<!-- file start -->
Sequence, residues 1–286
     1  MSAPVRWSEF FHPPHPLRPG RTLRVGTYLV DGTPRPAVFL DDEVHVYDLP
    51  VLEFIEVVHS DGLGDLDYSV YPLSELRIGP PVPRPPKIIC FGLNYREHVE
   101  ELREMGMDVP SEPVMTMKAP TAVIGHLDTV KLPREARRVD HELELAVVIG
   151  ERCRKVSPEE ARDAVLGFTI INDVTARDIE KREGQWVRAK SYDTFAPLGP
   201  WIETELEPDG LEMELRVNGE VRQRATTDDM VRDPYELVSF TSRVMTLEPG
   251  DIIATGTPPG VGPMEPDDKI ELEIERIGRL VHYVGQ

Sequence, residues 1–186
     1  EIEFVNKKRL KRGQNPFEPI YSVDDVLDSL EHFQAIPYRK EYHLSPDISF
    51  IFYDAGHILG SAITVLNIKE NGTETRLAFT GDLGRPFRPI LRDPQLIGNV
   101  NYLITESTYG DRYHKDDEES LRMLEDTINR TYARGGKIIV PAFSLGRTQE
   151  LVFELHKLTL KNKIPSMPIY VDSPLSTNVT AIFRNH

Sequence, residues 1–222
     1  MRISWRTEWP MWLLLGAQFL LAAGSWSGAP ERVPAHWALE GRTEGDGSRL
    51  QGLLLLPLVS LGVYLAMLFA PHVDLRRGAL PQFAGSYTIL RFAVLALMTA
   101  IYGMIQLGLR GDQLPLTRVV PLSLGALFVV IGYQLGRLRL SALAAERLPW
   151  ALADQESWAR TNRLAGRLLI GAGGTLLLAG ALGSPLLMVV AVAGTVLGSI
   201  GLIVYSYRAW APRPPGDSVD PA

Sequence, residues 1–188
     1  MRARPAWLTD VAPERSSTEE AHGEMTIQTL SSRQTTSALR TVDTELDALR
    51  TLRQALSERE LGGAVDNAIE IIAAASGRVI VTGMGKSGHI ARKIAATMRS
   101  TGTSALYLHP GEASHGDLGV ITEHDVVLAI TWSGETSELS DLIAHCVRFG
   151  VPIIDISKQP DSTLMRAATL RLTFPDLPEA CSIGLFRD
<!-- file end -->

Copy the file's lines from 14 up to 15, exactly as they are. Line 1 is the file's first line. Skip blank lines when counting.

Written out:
     1  MRISWRTEWP MWLLLGAQFL LAAGSWSGAP ERVPAHWALE GRTEGDGSRL
    51  QGLLLLPLVS LGVYLAMLFA PHVDLRRGAL PQFAGSYTIL RFAVLALMTA